Once viewed as a competitor, ride-hailing companies like Lyft and Uber are fast becoming key partners in public transit’s quest to offer its customers more options in hopes of improving both ridership and connectivity.
“There are some cities and routes where ridership is strong, but overall the traditional forms of mobility are being disrupted by new modes and new options,” says Tina Quigley, GM at the Regional Transportation Commission of Southern Nevada (RTC) in Las Vegas. “Transit needs to evolve as well, and I firmly believe that if we are not at the table and testing and deploying projects to find things that work, somebody else is going to define that evolution for us.”
Quigley says that while ridership is up in the agency’s general market corridors, it has taken a significant dip in its resort corridor, which has had a financial impact on the agency.
“We know that we need to take a look at the system to fine-tune it and find alternatives,” she says. “We also want to continue growing the system in our general market areas where we know we need it, while also trying to keep our costs contained and remaining flexible.”
With those goals in mind, the RTC has been experimenting with several programs, including a pilot with Lyft where the agency provides subsidized paratransit services to those that qualify.
“It normally costs us $34 per trip, but by partnering with Lyft we are offering better service to those customers at half the cost of our traditional paratransit services,” Quigley explains.
She adds that the agency is also in the early stages of expanding the program to its non-ambulatory passengers through a partnership with a local company called Tango.
“For us to continue to do the Lyft program, the FTA is requiring us to offer the same type of service for those that are dependent on wheelchairs,” she says. “That will be more costly than our partnership with Lyft, but in the end we should still see a savings.”
The RTC recently partnered again with Lyft for a six-month pilot program to enhance job access and encourage multimodal commuting for employees of the online sporting apparel company Fanatics, working in a warehouse district in North Las Vegas.
Under the RTC’s new Workforce Mobility Program, registered Fantatics employees will be able to use Lyft at a reduced rate to the employer for first- and last-mile service to and from 13 specified RTC bus stops along six transit routes.
The program came about after RTC studies found it wasn’t cost-effective for it to extend services so it could better serve the area.
“We needed to get creative,” says Quigley. “We knew that other agencies had partnered with TNCs to provide first- and last-mile services, so we began meeting with Fanatics and Lyft and were able to negotiate a three-way deal.”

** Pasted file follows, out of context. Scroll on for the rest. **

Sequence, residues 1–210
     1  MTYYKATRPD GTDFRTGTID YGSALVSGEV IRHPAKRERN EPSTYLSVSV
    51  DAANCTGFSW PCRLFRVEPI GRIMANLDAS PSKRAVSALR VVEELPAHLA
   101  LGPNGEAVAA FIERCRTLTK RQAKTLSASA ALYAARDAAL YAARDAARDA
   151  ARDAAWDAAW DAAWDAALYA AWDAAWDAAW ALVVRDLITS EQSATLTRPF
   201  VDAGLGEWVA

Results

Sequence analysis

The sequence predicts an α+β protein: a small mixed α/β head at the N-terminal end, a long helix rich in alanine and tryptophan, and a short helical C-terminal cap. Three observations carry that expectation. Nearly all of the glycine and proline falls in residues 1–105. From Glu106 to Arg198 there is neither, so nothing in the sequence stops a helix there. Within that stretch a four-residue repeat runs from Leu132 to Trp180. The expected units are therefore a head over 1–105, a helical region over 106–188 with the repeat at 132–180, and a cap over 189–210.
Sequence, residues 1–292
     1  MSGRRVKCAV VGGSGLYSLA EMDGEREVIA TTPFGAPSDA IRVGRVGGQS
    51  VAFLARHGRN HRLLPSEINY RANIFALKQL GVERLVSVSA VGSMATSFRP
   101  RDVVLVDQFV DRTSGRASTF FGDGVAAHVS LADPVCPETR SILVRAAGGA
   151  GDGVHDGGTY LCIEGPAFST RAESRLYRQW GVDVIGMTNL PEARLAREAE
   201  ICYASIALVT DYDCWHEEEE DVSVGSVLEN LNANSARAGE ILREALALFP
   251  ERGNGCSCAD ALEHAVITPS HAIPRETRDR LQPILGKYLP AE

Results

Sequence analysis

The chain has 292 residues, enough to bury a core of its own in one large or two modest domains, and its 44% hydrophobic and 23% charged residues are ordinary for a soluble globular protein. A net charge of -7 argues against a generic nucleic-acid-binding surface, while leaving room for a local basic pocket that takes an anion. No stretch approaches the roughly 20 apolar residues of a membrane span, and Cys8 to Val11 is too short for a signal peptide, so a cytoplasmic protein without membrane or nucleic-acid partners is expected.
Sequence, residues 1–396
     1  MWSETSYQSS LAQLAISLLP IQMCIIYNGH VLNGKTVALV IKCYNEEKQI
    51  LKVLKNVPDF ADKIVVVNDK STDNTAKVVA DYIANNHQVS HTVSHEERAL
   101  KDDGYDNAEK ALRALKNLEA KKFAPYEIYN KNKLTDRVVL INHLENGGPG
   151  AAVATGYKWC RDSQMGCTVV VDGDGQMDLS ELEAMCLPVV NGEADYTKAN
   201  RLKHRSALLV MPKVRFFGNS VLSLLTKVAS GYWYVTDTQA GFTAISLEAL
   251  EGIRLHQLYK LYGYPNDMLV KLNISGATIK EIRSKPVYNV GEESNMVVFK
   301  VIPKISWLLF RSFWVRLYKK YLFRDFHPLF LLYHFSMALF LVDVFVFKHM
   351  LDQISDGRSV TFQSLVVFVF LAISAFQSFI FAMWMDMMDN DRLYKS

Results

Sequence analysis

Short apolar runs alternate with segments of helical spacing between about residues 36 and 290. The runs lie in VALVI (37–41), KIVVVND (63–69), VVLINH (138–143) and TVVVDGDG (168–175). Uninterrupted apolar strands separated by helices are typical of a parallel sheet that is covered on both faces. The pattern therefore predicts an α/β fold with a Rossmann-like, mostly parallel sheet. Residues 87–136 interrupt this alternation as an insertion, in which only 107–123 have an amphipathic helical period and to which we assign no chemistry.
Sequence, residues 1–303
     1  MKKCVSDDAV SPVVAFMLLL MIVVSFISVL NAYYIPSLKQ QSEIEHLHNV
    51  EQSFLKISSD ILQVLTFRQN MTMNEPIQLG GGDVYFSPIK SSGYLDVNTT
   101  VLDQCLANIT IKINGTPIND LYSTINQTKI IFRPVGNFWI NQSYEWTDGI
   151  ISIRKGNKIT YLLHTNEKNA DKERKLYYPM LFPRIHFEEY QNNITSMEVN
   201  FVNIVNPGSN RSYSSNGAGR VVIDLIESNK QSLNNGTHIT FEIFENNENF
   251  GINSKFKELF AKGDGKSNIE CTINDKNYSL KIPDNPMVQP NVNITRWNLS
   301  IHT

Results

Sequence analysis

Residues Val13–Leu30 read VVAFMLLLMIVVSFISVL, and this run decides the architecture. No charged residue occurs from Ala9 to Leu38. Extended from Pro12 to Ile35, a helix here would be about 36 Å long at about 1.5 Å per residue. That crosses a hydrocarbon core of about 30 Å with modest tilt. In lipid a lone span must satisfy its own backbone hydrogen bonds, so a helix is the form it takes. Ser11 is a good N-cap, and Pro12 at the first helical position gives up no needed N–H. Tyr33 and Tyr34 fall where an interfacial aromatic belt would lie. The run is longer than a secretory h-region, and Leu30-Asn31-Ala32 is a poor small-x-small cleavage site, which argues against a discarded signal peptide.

Through the deal, Lyft is providing that first- and last-mile service at a reduced rate, with the RTC subsidizing $1 per trip while Fanatics subsidizes the remaining balance for each employee trip to and from the designated bus stops from its worksite.
Night-time, food market access
At Columbia, South Carolina’s The COMET, the agency has begun exploring options to be more innovative in finding ways to move customers more effectively and at a lower cost.
One solution the agency came up with essentially replaces its recently discontinued night service through a partnership with Lyft and Uber.
“When I got hired, night service had just been discontinued, which caused some controversy in the community,” says John Andoh, executive director of The COMET. “By partnering with Lyft and Uber, we have found a more cost-effective way of having night service for those that need transportation to get home from work or some type of evening activity.”
For the program, dubbed COMET@Night, the agency pays the first $5 for Lyft trips taking place between 9 p.m. and 3 a.m. if the customer uses a code, which is only advertised on The COMET buses so that it encourages riders to use the system during normal operating hours. To further ensure against abuse of the system, the agency changes the code for the program on a monthly basis.
“If we continued night service on an annual basis, it would cost us about $465,000, but by using Uber and Lyft, as well as our on-demand night-time ADA provider, we’ve budgeted $150,000 and are so far on par with that number,” says Andoh, who adds that the agency is prepared to put new parameters on the program if costs begin to soar.
“Paying on a per-trip basis, it could easily get out of control and you could easily blow that $150,000 budget in a month,” he explains.
The COMET has also begun another partnership with Uber and Lyft called COMET To the Market, which operates seven days a week and is designed to alleviate a food desert issue in the metropolitan Columbia area.
“We heard that people were spending upwards of two to three hours on the transit system to get to and from grocery stores,” says Andoh.
To remedy the situation, The COMET pays the first $5 both to and from grocery stores, with the customer paying for the remainder of the trip, which Andoh says recently averaged about $3 per trip.
Andoh says the agency plans on keeping COMET to the Market for the foreseeable future, but that it plans on assessing its night program again at the end of the year.
“If we find that COMET@Night is taking off and running on par with budget, we intend to keep it as our night-time program,” he explains. “But, since we have the data, we’re also going to track where the ridership for the program is, and if we see a lot of activity on a certain corridor, then we’ll reintroduce bus service instead of continuing to pay on a per-trip basis.”